The economic opportunities found in the cities of Fort William and Port Arthur drew workers to the region during the first decades of the 20th century. Located on the north shore of Lake Superior, many believed it had the potential, like many regions of Canada at the turn of the 20th century, for unlimited economic success.
As the editors of the Port Arthur Daily-News suggested on March 20, 1906, “the assets of Canada are stupendous, the country reeks with underdeveloped riches, agricultural soil, minerals, water power, navigable lakes and rivers, a healthy invigorating climate, in fact, everything that makes a country great, waiting only for capital and energy of a man to develop it.”
From the heyday of Fort William as the inland headquarters of the North West Company to the brink of the Great Depression in 1929, the Lakehead was seen as a region of untapped and limitless resources, and capable of fuelling continuous progress and development. Port Arthur and Fort William acted as a metropole for a resource-rich hinterland. The two cities were also viewed as the hub of the Canadian nation, having become the central railway and shipping point for the transshipment of the West’s staple products for the East’s manufactured goods.
The first industry to take advantage of this new means of transportation was mining. While not established until 1868, it attracted many businesses, investors and immigrants to the area and had a profound effect on the region’s future. The silver boom resulted in the establishment and growth of Fort William’s sister city, Prince Arthur’s Landing (incorporated as the town of Port Arthur in March 1884) and the development of an infrastructure which included town halls, churches representing various denominations, schools and an inter-urban street car system.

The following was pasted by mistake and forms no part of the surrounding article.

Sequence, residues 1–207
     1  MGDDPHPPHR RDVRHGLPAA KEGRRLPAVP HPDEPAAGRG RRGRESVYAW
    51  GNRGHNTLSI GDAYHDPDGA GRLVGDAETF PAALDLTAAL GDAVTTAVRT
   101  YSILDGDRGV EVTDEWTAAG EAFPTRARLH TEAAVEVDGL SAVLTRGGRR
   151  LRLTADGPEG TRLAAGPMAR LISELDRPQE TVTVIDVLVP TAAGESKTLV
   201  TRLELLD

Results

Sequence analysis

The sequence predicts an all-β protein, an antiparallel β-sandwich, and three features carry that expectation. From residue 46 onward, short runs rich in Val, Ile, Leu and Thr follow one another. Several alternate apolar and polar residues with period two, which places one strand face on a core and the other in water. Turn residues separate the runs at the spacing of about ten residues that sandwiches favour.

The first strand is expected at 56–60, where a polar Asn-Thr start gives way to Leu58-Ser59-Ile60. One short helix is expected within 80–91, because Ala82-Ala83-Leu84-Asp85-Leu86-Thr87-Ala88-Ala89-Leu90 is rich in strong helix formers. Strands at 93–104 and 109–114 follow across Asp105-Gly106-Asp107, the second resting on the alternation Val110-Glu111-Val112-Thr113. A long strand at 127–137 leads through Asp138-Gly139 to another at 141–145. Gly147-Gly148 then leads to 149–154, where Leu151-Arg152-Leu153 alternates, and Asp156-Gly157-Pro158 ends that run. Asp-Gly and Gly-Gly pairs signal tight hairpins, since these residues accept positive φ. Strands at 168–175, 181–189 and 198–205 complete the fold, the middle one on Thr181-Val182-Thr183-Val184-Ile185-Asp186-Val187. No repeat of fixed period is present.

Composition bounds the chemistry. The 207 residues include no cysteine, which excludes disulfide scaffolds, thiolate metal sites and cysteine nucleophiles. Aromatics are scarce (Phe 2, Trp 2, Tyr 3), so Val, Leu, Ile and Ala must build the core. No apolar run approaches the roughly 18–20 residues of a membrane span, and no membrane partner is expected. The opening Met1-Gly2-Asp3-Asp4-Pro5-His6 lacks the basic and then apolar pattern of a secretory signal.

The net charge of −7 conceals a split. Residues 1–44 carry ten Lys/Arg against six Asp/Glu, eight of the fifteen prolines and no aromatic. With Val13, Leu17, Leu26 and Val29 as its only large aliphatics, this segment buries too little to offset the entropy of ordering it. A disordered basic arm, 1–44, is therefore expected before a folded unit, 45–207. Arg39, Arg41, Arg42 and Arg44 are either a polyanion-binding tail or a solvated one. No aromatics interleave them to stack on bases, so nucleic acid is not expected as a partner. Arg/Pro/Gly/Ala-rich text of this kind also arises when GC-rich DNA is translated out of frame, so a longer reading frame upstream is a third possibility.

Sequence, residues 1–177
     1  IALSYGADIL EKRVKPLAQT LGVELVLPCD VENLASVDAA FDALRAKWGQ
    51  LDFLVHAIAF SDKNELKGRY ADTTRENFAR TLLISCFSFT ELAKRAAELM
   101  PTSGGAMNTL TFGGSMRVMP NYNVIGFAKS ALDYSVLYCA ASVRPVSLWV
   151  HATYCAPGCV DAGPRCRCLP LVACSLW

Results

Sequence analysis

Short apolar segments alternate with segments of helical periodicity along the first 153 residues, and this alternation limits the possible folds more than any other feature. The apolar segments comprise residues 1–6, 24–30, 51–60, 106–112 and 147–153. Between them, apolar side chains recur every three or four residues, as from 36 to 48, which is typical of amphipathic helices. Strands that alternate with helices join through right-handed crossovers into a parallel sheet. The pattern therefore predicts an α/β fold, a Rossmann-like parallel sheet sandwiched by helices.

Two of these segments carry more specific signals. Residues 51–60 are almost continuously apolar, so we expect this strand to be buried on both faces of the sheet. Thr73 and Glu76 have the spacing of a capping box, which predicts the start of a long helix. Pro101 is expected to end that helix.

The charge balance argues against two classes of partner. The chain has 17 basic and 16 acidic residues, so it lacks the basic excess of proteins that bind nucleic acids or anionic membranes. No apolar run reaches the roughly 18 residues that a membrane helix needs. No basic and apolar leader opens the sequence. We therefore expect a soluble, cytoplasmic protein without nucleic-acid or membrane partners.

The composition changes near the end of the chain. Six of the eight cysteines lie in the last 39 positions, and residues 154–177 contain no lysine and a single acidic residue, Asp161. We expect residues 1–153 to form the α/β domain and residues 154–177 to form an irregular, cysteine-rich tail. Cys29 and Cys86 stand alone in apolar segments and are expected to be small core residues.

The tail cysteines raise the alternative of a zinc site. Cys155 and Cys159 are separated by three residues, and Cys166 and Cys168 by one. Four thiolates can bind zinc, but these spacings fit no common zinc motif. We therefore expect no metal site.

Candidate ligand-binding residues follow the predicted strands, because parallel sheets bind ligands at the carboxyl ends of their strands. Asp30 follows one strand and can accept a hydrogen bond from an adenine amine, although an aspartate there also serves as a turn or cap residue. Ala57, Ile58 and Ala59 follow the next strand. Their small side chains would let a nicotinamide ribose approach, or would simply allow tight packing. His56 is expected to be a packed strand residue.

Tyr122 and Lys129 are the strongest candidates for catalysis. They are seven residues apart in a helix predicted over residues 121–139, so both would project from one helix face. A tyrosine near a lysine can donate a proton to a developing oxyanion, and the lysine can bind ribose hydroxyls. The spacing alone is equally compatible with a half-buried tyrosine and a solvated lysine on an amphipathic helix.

The Lakehead was a small isolated region distant from the Canada’s major centres of population. Yet, because of the railway and the mining boom, the Lakehead was a prime destination for capital investment and for immigrants. Even following the collapse of the market for silver in the 1880s, with the Canadian Pacific Railway as the only significant object of development in the region, potential still existed. In addition to assisting immigrants to settle in the western part of Canada, the Canadian Pacific Railway also acted as a conduit by which settlers could transport their goods back to the Eastern markets.
The Lakehead, as the central terminus for Canada, benefited immensely from the accompanying national expansion. Its fortunes increased with every bushel of grain or cord of wood transshipped. The wheat that flowed through the Lakehead was integral to the prosperity of the West, the feeding of millions in Europe during the First World War, and the nourishment of the United Kingdom afterwards. The wood cut from the region assisted in building the cities of central Canada during the industrial boom. The shipment of grain, wood, and other resources also precipitated the creation of a shipbuilding industry. Despite being over 1,000 kilometers from the Atlantic Ocean, the Western Dry-dock in Fort William became the largest of its kind in Canada. Its existence epitomized the influence and reinforced the optimism that the railway industry had on those in living in Northwestern Ontario.